|- ICT and economic growth: do we lose our concentration? 41 kb|
|by Van Oort, Frank & Van der Laan, Lambert & null, null | firstname.lastname@example.org |
|ICT and economic growth: do we lose our concentration? |
Frank van Oort (a)
Lambert van der Laan (b)
The paper (1) reviews the relevant (international) literature on the death of distance hypothesis as ‘opposed’ to that of agglomeration economies and (2) presents recent empirical analyses on the subject for the Netherlands.
For participants of the ISOCARP-conference it is useful to have an overview of this literature and to understand the measurement difficulties in empirical research. It turns out that the shrinkage of entrepreneurial space is function-, occupation and sector specific in character. Within the setting of labour market economics ICT is but one of the elements shaping the spatial landscape of working and living, and its role is more facilitating than determining patterns and interactions. Changing labour relations in knowledge industries are considered more fundamental for this.
Based on three papers published by the authors in 2000 and 2001 (c)on deconcentrating and agglomeration economies and ICT in knowledge intensive industries the authors come to an alternative interpretation of agglomeration economies. This interpretation is more social and institutional in character than purely economic. In this, especially diversified urban locations and regions form the glue in economic and societal performance and growth. Empirically, employment structures and growth patterns are analysed over the 1990’ies on low (locations) and high (regions) spatial scales. In line with the international literature, the analyses in the paper put considerable question marks to the current popular hypotheses on the death of distance and footloose business due to ICT.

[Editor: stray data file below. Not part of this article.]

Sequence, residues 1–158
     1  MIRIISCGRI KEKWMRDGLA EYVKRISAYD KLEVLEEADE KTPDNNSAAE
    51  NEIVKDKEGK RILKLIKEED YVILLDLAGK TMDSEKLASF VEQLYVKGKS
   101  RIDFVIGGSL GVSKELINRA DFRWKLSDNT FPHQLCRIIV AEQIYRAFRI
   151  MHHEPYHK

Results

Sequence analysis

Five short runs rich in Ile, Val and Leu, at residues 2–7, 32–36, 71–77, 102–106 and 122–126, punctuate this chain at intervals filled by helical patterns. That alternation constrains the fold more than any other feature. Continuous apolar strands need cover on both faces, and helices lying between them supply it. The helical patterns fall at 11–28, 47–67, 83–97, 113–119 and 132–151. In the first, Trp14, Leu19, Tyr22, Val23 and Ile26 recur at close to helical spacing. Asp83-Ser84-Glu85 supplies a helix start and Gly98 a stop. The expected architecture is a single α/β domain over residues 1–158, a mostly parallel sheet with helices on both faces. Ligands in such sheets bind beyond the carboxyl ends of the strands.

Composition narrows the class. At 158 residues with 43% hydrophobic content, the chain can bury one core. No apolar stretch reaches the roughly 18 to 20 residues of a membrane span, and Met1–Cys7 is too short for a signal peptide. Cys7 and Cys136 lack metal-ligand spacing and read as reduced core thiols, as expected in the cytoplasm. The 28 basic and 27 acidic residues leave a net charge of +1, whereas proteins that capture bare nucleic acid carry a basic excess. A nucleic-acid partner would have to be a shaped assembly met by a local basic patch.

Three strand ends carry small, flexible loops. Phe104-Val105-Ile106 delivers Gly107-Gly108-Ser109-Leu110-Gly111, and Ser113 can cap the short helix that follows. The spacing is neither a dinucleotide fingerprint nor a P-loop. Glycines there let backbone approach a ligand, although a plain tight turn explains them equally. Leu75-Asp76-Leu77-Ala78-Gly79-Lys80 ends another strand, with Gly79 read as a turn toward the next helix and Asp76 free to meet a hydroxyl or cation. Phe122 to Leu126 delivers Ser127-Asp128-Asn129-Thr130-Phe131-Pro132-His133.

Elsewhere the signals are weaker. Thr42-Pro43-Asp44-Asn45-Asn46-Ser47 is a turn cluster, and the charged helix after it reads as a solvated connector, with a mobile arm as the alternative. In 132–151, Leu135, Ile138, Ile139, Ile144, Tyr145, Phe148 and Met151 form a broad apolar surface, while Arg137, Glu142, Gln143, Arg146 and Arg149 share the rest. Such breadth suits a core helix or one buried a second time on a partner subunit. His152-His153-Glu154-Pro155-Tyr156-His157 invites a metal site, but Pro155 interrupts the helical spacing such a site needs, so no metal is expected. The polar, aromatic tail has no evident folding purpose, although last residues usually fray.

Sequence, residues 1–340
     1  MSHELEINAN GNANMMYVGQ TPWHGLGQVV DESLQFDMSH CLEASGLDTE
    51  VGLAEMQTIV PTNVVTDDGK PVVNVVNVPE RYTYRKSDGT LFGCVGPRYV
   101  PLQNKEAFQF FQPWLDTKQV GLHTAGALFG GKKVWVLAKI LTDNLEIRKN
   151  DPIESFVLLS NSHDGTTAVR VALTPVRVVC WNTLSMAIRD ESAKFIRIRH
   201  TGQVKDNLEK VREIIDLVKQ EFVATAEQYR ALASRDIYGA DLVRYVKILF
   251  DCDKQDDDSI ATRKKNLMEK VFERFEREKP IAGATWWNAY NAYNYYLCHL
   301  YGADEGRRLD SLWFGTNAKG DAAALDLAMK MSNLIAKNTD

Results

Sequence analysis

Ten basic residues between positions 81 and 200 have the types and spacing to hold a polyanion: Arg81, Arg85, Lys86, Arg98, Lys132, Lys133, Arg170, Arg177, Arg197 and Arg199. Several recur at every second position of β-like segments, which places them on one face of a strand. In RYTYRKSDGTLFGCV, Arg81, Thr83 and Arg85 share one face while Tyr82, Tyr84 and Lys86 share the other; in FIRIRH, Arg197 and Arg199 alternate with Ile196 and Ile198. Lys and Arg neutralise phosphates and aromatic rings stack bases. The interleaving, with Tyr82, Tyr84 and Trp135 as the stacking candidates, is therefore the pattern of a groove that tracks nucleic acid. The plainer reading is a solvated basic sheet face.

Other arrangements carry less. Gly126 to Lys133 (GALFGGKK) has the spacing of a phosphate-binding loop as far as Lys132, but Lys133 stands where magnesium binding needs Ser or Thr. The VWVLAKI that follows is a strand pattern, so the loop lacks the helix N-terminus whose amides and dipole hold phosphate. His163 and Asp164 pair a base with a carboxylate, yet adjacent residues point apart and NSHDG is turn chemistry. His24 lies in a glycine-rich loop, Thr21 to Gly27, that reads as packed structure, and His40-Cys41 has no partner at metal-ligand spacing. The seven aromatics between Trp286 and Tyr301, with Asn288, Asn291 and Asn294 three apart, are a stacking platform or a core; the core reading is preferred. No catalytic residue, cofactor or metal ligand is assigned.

The authors are involved in this theme by a joint research project research of the National Spatial Planning Agency, part of the Ministry of Housing, Spatial Planning and the Environment (VROM) in co-operation with the Erasmus University Rotterdam. The empirical research on the level of regions and work/living locations has been carried out for the preparation of the Fifth Document of Spatial Planning (2001) of the Ministry of VROM.
Presentation of these hypotheses and results should ideally be in plenary session 3: cyberspace and the loss of concentration.
(a) National Spatial Planning Agency The Hague and Erasmus University Rotterdam
(b) Erasmus University Rotterdam (REGIO-RISBO).
(c) F. van Oort (2000), Eenheid in tegendelen? ICT en het primaat van de stad. Stedebouw & Ruimtelijke Ordening 6, pp. 19-25,D.P. van Soest, F.G. van Oort en S. Gerking (2001), Kennisexternaliteiten in Nederland. Economisch Statistische Berichten 86:4289, pp. 14-17 and L. van der Laan (2000), Ruimte voor ICT. Economisch Statistische Berichten 85, pp. D27-D31.
|The effects of ict on regional and urban development depend on contradictory visions of liberalisation, agglomeration and inertia. The tension between the views and the policy questions involved are central in this paper. Present research does not indicate substantial proof for a ‘shrinkage of space’ for (all) economic activities.|
|agglomeration, ict, economic growth|
Case Study presented on the ISOCARP Congress 2001: Honey, I Shrunk the Space
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